Journal of Cancer Survivorship

, Volume 8, Issue 3, pp 427–436 | Cite as

Adopting a survivor identity after cancer in a peer support context

  • Bronwyn A. MorrisEmail author
  • Stephen J. Lepore
  • Bridget Wilson
  • Morton A. Lieberman
  • Jeff Dunn
  • Suzanne K. Chambers



The term cancer survivor can refer to individuals from diagnosis through the rest of their life. However, not all people with cancer identify as a survivor, and underlying factors and correlates are yet to be well-explored empirically.


Study 1 surveyed men in a prostate cancer peer support network (n = 514), exploring psychosocial variables related to adopting a survivor identity. Study 2 interviewed 160 women with breast cancer in an online support group and collected observational data, assessing how survivor identity relates to perceptions of and participation in online support groups.


For men, survivor identity (35 %) was related to lower levels of threat appraisal (p = .000), more deliberate rumination (p = .042), gaining greater understanding of cancer experience through peers (p = .041) and a higher, though marginally significant, level of posttraumatic growth (p = .052). Women adopting a survivor identity (50 %) had higher rates of online support group posts (p = .048), a greater feeling of mattering to the group (p = .002), rated the group as more helpful (p = .004 to .01) and had less difficulty in relating to the group (p = .002) than women not identifying as a survivor.


Survivor identity was related to active and positive engagement with peers, and cognitive processing.

Implications for cancer survivors

While the cancer survivor metaphor may be salient for some people diagnosed with cancer, many did not associate with the term, highlighting the complexity surrounding survivorship discourse and the need to be sensitive to unique individual needs in psychosocial interventions that involve groups.


Cancer Survivor identity Peer support Posttraumatic growth 



The authors wish to thank the Brisbane Prostate Support Network, the Prostate Cancer Foundation of Australia, Cancer Council Queensland and the National Cancer Institute of the National Institute of Health (Grant CA15887) for their support and assistance in this project. Prof. Suzanne Chambers is supported by an Australian Research Council Future Fellowship.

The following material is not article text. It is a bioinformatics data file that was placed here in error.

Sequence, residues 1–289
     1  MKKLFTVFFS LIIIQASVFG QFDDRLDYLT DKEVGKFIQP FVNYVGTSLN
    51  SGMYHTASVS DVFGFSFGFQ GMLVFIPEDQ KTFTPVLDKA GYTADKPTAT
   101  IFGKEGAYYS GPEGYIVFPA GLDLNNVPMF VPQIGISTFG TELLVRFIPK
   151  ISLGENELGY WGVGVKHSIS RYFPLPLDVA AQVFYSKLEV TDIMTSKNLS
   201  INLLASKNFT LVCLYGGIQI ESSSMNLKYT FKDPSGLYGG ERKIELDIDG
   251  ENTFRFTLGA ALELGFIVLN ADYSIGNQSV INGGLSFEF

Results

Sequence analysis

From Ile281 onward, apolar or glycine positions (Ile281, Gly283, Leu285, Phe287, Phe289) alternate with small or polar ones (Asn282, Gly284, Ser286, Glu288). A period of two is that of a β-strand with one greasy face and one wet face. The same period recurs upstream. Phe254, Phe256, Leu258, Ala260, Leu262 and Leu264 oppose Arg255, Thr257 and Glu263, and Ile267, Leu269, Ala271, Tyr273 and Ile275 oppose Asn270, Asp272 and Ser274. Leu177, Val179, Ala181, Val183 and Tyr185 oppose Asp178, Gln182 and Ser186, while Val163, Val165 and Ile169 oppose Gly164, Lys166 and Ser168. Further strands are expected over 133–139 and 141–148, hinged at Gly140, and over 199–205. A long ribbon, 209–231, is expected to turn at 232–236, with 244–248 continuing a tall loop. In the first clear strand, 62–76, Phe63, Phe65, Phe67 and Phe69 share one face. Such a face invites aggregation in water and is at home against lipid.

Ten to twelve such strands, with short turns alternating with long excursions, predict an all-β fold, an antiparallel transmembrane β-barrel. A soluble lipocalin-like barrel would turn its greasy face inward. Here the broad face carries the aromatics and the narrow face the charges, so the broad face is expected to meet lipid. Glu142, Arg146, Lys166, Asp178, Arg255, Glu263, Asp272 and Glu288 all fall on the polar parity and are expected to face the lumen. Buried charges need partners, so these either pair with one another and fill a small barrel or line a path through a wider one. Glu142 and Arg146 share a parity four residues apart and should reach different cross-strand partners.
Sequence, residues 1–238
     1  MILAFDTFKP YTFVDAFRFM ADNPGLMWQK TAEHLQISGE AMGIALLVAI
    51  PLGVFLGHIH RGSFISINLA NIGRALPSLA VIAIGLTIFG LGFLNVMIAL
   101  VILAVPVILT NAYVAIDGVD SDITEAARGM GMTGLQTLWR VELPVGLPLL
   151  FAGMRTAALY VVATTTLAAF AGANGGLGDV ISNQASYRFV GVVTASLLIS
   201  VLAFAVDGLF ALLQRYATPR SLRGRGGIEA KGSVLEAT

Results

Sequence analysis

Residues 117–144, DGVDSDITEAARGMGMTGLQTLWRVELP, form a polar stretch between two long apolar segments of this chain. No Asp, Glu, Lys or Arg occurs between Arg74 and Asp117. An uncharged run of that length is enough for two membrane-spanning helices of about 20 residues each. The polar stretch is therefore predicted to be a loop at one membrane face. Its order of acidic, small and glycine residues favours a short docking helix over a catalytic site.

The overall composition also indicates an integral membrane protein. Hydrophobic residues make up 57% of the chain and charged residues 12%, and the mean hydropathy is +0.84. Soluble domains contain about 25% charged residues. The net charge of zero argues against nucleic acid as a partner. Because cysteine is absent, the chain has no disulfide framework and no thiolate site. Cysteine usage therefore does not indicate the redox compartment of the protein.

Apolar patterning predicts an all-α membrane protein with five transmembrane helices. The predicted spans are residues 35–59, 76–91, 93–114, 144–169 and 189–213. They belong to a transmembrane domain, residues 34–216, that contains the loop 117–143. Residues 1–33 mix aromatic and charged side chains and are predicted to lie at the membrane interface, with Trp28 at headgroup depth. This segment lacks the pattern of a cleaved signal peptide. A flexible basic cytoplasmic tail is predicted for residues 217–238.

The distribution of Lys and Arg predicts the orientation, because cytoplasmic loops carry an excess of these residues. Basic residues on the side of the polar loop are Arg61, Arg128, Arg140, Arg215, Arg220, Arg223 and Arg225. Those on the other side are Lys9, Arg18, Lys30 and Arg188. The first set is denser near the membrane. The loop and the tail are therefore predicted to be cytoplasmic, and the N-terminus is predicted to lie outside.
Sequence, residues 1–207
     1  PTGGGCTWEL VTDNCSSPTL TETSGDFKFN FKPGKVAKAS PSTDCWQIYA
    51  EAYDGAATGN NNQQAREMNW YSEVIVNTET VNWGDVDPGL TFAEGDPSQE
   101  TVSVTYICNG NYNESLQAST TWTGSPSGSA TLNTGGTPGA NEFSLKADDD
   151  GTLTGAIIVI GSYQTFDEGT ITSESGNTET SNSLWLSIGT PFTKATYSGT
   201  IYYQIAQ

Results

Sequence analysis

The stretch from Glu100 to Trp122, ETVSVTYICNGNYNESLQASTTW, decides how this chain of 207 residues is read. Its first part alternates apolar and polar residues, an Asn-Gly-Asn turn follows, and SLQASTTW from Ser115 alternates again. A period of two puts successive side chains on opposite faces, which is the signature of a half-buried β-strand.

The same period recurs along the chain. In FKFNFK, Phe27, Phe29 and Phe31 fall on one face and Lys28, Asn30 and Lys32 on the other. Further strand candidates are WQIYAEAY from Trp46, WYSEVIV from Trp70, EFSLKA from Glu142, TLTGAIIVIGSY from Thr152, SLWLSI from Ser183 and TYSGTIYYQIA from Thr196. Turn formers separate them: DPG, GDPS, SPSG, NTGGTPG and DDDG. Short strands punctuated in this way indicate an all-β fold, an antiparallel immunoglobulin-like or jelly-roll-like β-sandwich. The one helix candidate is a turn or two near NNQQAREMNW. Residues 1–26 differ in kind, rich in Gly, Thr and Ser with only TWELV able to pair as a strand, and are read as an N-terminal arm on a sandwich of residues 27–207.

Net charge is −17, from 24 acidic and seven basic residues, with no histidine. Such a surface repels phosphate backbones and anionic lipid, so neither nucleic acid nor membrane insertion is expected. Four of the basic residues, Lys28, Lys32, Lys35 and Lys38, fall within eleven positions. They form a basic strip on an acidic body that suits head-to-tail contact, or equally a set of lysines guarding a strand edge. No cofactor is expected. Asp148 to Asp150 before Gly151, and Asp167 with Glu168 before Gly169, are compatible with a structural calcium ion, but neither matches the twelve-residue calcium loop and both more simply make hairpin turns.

Conflict of interest

The authors wish to state that they have no conflicts of interest to declare in regards to this submission to the Journal of Cancer Survivorship.


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Copyright information

© Springer Science+Business Media New York 2014

Authors and Affiliations

  • Bronwyn A. Morris
    • 1
    • 2
    Email author
  • Stephen J. Lepore
    • 3
  • Bridget Wilson
    • 1
    • 2
  • Morton A. Lieberman
    • 4
  • Jeff Dunn
    • 2
    • 5
    • 6
  • Suzanne K. Chambers
    • 1
    • 2
    • 7
    • 8
    • 9
  1. 1.Griffith Health InstituteGriffith UniversityBrisbaneAustralia
  2. 2.Cancer Council QueenslandBrisbaneAustralia
  3. 3.Department of Public HealthTemple UniversityPhiladelphiaUSA
  4. 4.Department of PsychiatryUniversity of CaliforniaSan FranciscoUSA
  5. 5.School of Social ScienceUniversity of QueenslandBrisbaneAustralia
  6. 6.School of Public HealthGriffith UniversityBrisbaneAustralia
  7. 7.Prostate Cancer Foundation AustraliaSydneyAustralia
  8. 8.Health & Wellness InstituteEdith Cowan UniversityPerthAustralia
  9. 9.Centre for Clinical Research University of QueenslandBrisbaneAustralia

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